The 3 Stages of Implementing a Social Selling Program

The term “social selling” is more popular now than ever. However, few people truly understand what it takes to implement an effective social selling program across an organization. Social selling is about using social media to develop and nurture relationships that have the potential to turn into sales opportunities. It’s not easy, but with an effective framework it’s possible to roll out a social sales plan to your organization.

The first step is to establish a baseline, by understanding where your organization is today. Walk over to your sales team and talk to reps to understand how they’re using social media in their jobs currently. Common themes should start to surface, which will become the components of your baseline. If you’re really lucky, reps will mention someone that is already finding success using social to discover opportunities. If this person already exists, do a happy dance because you just found your first social selling champion. Work with this person to understand what they’re doing and share it with the rest of their team.

Next, speak to leadership with the following titles and enroll them in your plans:

  • Head of Sales

  • Sales Enablement or Training

  • Security or Compliance*

  • Digital Marketing

  • Sales Operations

  • Web Analytics

Now that you’ve connected with the key stakeholders, you should have enough information to determine the company’s level of social maturity. The team will likely be in one of three phases: Crawl, Walk, or Run.


Sales teams in the Crawl stage are not yet comfortable using social media, even at a foundational level. Assess your sales team on LinkedIn, and note how many of your reps have created robust profiles. Do the same with Twitter, using a tool like FollowerWonk, to search for your company’s name in Twitter biographies. If your sellers don’t have credible profiles on these two networks, this is where you should start.

What to do in the Crawl stage:

  • Educate reps on social media basics and the differences between each social network

  • Highlight what makes a good, easy-to-find social profile

  • Introduce the basics of posting and what makes a good message

  • Encourage reps to connect their offline/in-person relationships online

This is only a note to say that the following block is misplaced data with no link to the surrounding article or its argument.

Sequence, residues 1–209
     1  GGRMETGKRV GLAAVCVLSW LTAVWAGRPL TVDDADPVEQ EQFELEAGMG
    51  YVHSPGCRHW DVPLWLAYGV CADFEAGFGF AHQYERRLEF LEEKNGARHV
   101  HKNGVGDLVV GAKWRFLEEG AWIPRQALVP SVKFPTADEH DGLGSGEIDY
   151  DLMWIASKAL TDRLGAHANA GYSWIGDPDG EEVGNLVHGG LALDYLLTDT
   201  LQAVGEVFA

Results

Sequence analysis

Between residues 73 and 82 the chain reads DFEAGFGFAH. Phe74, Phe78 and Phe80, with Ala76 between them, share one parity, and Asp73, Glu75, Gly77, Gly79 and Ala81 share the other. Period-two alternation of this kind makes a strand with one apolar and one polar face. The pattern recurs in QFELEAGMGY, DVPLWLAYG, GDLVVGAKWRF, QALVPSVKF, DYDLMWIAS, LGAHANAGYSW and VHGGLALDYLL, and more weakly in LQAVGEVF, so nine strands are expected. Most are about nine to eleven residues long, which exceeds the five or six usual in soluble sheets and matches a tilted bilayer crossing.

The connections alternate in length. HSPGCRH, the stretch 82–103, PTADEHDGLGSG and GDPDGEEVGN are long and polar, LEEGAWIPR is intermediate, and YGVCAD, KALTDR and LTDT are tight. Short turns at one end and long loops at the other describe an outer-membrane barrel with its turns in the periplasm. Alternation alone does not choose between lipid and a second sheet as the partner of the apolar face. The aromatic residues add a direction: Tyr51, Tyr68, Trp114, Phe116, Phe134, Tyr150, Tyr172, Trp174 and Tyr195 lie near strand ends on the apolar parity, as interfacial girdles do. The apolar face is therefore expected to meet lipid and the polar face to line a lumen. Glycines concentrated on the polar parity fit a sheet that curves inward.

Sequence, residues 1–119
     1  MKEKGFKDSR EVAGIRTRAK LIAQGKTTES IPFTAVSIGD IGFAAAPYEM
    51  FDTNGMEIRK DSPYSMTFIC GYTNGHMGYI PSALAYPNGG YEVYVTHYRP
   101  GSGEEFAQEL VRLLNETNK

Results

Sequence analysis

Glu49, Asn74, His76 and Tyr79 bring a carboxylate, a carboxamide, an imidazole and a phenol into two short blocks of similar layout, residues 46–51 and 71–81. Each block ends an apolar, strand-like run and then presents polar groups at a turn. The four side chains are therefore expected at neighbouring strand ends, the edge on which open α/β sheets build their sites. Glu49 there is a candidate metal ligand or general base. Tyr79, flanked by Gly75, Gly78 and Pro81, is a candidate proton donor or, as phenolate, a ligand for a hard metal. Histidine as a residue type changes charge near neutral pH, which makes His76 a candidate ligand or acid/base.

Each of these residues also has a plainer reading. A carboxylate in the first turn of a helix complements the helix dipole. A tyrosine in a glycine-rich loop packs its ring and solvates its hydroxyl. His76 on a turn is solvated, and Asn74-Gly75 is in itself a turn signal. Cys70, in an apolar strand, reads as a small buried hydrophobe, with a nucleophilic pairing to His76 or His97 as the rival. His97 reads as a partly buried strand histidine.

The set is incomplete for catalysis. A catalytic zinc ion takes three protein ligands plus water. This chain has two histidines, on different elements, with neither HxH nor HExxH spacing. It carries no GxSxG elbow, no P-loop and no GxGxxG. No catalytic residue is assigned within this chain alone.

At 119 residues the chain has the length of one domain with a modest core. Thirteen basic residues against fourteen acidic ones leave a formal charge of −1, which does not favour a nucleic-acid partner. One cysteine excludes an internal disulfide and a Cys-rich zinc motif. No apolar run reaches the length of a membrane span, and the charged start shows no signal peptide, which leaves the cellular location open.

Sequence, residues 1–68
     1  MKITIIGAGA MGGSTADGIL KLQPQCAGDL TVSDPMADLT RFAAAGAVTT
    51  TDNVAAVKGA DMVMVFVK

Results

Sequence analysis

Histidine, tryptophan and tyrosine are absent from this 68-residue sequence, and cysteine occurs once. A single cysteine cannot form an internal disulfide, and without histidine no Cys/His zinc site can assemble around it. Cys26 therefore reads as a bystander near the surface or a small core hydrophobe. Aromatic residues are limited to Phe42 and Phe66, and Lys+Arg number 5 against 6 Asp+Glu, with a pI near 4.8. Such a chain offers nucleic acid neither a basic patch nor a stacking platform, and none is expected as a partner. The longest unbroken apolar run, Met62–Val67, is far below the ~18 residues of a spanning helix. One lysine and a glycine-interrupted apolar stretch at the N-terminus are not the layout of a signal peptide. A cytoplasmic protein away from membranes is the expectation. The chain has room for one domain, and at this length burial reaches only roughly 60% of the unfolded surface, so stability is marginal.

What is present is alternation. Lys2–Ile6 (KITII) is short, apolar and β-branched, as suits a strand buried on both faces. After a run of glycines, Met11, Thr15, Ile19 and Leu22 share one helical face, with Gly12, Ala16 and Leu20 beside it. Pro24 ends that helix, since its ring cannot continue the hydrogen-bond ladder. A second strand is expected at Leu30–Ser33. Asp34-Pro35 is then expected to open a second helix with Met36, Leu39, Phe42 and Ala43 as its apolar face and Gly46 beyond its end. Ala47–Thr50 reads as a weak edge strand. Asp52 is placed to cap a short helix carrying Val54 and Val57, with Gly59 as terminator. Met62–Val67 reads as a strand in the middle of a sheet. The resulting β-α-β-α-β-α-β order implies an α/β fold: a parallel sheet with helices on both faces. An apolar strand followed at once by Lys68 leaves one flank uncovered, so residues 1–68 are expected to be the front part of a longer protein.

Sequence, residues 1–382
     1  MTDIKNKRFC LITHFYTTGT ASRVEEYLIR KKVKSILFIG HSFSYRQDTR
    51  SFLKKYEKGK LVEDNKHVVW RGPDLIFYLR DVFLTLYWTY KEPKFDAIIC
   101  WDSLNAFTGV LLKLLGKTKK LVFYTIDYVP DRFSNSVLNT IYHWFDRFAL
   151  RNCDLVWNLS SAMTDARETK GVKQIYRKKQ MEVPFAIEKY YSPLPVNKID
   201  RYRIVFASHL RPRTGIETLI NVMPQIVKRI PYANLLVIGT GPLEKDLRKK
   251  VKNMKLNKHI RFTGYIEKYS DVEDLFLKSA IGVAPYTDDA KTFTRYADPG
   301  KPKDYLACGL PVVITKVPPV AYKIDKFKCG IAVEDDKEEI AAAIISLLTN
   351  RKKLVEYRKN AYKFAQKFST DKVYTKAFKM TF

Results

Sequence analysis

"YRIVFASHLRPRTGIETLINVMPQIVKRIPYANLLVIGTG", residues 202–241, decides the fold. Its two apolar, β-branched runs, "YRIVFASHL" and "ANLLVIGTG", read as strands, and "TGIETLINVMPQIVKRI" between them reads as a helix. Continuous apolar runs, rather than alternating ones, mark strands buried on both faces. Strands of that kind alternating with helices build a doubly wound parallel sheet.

Image via Donnie Ray Jones under CC by 2.0
Image via Donnie Ray Jones under CC by 2.0


You graduate into the Walk stage if your employees look credible online, post content regularly, and connect with their contacts across multiple social networks.

What to do in the Walk stage:

  • Ensure they have access to approved and relevant content to share

  • Set up streams for your team to monitor their company, products, and competitors online

  • Teach them how to regularly engage with their contacts

  • Introduce reps to Hootsuite to simplify daily management

Image via Joshua Smith under CC BY-SA 2.0
Image via Joshua Smith under CC BY-SA 2.0


You’re in the Run stage if your team is sharing a good mixture of content (not only #BigData news), engaging with contacts weekly, and booking meetings from conversations started online.

What to do in the Run stage:

Image via Ed Schipul under CC BY-SA 2.0
Image via Ed Schipul under CC BY-SA 2.0

As you progress through the Crawl, Walk, and Run stages, your sales team will learn more about their contacts, engage with opportunities earlier, and build better relationships—ultimately closing more business.

Leading the Social Sales Force: Learn how to implement and measure a social selling program

Watch the Webinar Now

Our webinar speakers

Reid Robinson

Social Media Business Strategist, Hootsuite


Reid Robinson is the social media business strategist for Hootsuite. In his role, Reid leads social selling initiatives for both Hootsuite and some of the world’s largest brands. Reid is responsible for educating the global sales team on employee advocacy and leveraging the power of social selling to find more contacts, build better relationships, and ultimately close more business. On an ongoing basis, Reid continues to evolve Hootsuite’s social selling processes and company best practices while using Hootsuite’s social properties, like @HootBusiness, to engage with key contacts and book sales meetings.

Rebecca Ross

Sales Product Consultant, LinkedIn Sales Solutions


Rebecca Ross is a product consultant for LinkedIn Sales Solutions. She provides consulting services and facilitates learning opportunities for LinkedIn customers to increase adoption of Sales Navigator and social selling throughout their organizations. Rebecca’s background includes experience in consulting and sales, both of which drew her to LinkedIn Sales Solutions. Having experienced many of the challenges that sales professionals face on a day-to day basis—in terms of finding and successfully engaging with senior-level decision-makers—she is passionate about the mission of LinkedIn Sales Solutions to connect buyers and sellers and build relationships.

*If you’re in a regulated industry (such as finance or healthcare) or run a publicly traded company, you have to check with your security and compliance team for necessary precautions. Many such companies add an extra layer of security with social media compliance tools such as Nexgate (available as a Hootsuite native integration) or Social Safeguard (available in the Hootsuite App Directory).